Have You Nailed Your Sales Team Culture? It Could Save Your Business!

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I can’t tell you the number of times I have asked sales personnel why they are leaving their current job, and had candidates respond with: “the culture’s terrible”. This could be for a number of reasons; Staff feel undervalued, unfulfilled, bored, they dislike the people they work for or with, they feel like they are not growing, the hours are too long, the work is too stressful or they just don’t have enough light in their office. It could be one or all of these reasons, and many more. One of the biggest contributing factors to staff being unhappy in their job is the lack of culture in an organisation.

But what is culture, exactly?

Culture is defined by a number of different factors in your business. Everything from the employees you hire, to the physical environment, and even dress code can shape a team’s culture. Culture is about more than just having office parties and financial remuneration. Happiness at work comes from a culture that values and challenges employees, not one that simply uses perks to cover over the fact that someone may hate their job. Great culture is about working with people you enjoy, having a strong network of support at work, feeling valued and being stimulated.

Sales personnel are the heart and face of a company – they speak with clients (both present client and potential future clients) all the time. They often have quite a difficult job, and frequently encounter rejection and high levels of stress, so it is important that they feel like they are part of something bigger. Unhappy and under-stimulated sales staff could be disastrous for your business; high staff turnover means high staff costs, and clients who are wary of your business.

By creating a great sales culture your business can benefit from high staff retention and even higher client retention. If staff are happy, they are more likely to sing your praises to new and existing clients, who will likely feel more comfortable with your company handling their account. Creating sales culture will also help ensure that you keep the morale of your team high, and ultimately ensure that your team works harder and sells more.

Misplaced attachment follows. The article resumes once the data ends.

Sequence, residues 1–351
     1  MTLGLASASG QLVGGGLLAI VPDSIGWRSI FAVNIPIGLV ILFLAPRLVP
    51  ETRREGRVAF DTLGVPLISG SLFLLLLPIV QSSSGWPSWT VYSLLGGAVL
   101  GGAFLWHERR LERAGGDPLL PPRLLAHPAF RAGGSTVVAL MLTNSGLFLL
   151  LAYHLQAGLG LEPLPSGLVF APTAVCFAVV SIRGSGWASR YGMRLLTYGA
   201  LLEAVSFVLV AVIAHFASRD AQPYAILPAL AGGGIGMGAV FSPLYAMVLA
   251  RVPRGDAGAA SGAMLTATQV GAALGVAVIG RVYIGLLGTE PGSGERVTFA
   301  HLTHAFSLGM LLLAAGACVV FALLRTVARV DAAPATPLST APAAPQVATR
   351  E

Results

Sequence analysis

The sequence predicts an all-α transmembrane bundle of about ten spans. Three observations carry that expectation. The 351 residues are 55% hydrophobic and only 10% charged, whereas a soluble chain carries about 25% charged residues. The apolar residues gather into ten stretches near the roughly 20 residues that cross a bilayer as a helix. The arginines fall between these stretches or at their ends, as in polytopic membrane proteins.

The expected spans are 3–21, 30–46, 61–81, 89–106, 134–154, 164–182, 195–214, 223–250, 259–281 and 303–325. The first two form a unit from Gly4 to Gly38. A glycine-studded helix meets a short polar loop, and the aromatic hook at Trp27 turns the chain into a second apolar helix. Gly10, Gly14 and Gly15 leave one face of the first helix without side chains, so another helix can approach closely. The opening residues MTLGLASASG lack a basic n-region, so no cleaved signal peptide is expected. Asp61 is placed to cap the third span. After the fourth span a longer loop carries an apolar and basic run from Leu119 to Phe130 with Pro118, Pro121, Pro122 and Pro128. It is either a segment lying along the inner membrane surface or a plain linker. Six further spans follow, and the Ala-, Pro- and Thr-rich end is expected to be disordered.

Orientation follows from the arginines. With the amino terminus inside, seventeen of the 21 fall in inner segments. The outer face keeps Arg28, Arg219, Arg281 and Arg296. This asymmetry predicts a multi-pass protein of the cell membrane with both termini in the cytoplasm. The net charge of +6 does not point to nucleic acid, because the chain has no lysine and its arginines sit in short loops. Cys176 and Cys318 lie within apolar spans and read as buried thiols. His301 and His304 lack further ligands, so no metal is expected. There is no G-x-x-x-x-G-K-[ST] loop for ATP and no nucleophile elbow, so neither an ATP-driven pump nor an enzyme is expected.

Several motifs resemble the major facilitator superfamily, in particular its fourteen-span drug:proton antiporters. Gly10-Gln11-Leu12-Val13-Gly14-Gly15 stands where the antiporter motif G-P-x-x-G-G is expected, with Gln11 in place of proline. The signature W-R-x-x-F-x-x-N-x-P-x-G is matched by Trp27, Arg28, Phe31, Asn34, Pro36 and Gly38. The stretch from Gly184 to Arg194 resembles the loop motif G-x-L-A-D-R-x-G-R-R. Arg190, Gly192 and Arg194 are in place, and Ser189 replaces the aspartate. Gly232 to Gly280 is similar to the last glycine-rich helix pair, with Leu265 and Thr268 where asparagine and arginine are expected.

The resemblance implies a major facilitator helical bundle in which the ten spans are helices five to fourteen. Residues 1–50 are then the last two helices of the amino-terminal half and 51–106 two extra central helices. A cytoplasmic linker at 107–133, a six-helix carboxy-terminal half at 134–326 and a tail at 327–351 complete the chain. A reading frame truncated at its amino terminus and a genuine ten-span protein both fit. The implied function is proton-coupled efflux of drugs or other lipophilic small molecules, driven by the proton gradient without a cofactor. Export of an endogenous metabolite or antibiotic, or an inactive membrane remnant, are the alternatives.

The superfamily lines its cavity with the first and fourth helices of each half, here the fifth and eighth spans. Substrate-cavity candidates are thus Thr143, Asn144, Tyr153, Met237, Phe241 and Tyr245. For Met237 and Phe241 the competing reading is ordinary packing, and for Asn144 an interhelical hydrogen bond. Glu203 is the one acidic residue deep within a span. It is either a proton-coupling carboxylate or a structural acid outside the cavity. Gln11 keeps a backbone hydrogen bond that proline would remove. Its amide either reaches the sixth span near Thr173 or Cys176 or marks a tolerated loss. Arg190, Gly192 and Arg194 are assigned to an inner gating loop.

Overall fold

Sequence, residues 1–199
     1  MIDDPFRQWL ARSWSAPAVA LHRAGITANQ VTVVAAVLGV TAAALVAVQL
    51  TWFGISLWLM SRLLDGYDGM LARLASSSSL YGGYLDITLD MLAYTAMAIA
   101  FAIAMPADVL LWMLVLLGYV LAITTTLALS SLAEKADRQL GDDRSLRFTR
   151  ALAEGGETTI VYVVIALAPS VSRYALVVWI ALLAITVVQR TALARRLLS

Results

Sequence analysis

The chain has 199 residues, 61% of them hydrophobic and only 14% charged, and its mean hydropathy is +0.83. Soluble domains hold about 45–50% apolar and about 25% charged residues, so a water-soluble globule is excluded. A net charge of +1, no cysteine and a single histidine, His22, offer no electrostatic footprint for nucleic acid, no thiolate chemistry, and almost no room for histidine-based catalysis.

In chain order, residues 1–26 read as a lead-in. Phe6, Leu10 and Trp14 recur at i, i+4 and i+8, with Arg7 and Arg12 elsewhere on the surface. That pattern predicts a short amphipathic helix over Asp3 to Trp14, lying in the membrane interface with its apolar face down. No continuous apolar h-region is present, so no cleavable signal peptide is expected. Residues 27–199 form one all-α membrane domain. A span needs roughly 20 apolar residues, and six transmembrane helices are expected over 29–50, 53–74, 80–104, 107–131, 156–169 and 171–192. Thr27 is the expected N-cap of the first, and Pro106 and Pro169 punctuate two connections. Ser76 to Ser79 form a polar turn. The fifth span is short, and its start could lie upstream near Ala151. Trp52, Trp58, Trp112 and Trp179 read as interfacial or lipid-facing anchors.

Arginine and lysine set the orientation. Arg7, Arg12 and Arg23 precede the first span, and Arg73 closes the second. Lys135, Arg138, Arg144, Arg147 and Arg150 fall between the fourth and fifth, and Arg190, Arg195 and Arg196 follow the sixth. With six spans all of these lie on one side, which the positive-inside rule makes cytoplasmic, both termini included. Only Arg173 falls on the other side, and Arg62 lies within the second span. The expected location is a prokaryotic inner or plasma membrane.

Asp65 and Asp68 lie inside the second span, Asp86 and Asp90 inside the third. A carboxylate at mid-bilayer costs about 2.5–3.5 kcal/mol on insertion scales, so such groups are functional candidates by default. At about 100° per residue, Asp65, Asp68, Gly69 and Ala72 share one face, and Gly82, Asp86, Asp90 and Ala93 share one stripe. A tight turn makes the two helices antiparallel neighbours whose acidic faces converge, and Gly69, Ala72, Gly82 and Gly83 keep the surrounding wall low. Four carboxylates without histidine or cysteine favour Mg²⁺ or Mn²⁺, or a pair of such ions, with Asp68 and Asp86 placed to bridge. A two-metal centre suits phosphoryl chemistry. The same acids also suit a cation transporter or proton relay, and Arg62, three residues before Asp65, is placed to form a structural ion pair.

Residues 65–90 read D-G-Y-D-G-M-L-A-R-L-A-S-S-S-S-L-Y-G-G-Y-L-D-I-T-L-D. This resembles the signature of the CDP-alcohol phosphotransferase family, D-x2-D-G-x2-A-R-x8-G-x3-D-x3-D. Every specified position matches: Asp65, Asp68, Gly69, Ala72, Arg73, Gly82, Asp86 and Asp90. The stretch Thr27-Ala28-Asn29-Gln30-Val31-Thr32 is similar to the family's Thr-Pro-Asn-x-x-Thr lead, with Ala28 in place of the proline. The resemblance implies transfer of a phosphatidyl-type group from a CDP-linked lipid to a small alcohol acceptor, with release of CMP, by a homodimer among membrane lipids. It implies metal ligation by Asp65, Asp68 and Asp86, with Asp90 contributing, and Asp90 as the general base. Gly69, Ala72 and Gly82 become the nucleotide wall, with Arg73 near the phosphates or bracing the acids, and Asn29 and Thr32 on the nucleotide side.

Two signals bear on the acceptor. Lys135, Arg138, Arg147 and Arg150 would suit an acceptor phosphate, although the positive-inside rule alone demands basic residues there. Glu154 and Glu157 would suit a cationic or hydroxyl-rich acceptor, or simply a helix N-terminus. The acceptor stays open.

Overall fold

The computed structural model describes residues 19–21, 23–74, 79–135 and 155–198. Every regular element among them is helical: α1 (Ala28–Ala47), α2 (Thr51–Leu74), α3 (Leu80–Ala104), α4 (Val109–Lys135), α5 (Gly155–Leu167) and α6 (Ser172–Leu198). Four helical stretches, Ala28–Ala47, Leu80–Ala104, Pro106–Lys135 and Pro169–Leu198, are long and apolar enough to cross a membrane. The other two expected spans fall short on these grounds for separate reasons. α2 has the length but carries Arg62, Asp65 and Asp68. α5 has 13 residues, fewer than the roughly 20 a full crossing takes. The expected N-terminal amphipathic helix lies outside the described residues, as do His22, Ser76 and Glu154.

So how do I create great team culture?

The people

Choose the right people – people you don’t mind working until 3am with, people you enjoy talking to, people who you would have a coffee with, or invite to your home. You might think that hiring the most experienced person is the best decision, but they might just not be the right fit for your company. Don’t just hire people because you need someone fast, or because they seem brilliant on paper. Hiring staff is also about personality and cultural fits – if you don’t get a good feeling that someone will fit in, make sure you understand why. If you need to, have several interviews with a potential employee to make sure you are 100% certain about hiring that person.

Make a time for your team to come together every week

Sales teams often don’t spend that much time together. They are usually out and about seeing clients. Creating a space for them to come together at least once a week and discuss what they are working on, any issues they might have, how their past week was and encouraging them to talk to each other frequently  can help them to build a sense of being part of the wider team, and not like they are an island. If you work in an environment where the sales team does spend a decent amount of time together, then try to ensure that you do have weekly touch bases with the whole team anyway.